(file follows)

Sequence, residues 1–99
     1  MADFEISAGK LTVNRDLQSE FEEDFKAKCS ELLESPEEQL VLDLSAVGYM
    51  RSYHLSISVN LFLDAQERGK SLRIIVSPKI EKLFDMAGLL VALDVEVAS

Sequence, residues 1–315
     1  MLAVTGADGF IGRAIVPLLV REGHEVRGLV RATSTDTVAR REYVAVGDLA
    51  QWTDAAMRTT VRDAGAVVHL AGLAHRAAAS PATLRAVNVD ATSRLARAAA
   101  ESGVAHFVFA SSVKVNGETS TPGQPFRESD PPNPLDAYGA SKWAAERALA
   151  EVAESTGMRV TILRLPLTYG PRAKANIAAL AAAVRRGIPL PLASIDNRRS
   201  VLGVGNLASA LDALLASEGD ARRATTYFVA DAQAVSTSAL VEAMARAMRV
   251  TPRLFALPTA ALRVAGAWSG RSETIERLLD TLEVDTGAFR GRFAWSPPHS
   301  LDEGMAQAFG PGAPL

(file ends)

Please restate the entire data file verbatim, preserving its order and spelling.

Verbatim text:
Sequence, residues 1–99
     1  MADFEISAGK LTVNRDLQSE FEEDFKAKCS ELLESPEEQL VLDLSAVGYM
    51  RSYHLSISVN LFLDAQERGK SLRIIVSPKI EKLFDMAGLL VALDVEVAS

Sequence, residues 1–315
     1  MLAVTGADGF IGRAIVPLLV REGHEVRGLV RATSTDTVAR REYVAVGDLA
    51  QWTDAAMRTT VRDAGAVVHL AGLAHRAAAS PATLRAVNVD ATSRLARAAA
   101  ESGVAHFVFA SSVKVNGETS TPGQPFRESD PPNPLDAYGA SKWAAERALA
   151  EVAESTGMRV TILRLPLTYG PRAKANIAAL AAAVRRGIPL PLASIDNRRS
   201  VLGVGNLASA LDALLASEGD ARRATTYFVA DAQAVSTSAL VEAMARAMRV
   251  TPRLFALPTA ALRVAGAWSG RSETIERLLD TLEVDTGAFR GRFAWSPPHS
   301  LDEGMAQAFG PGAPL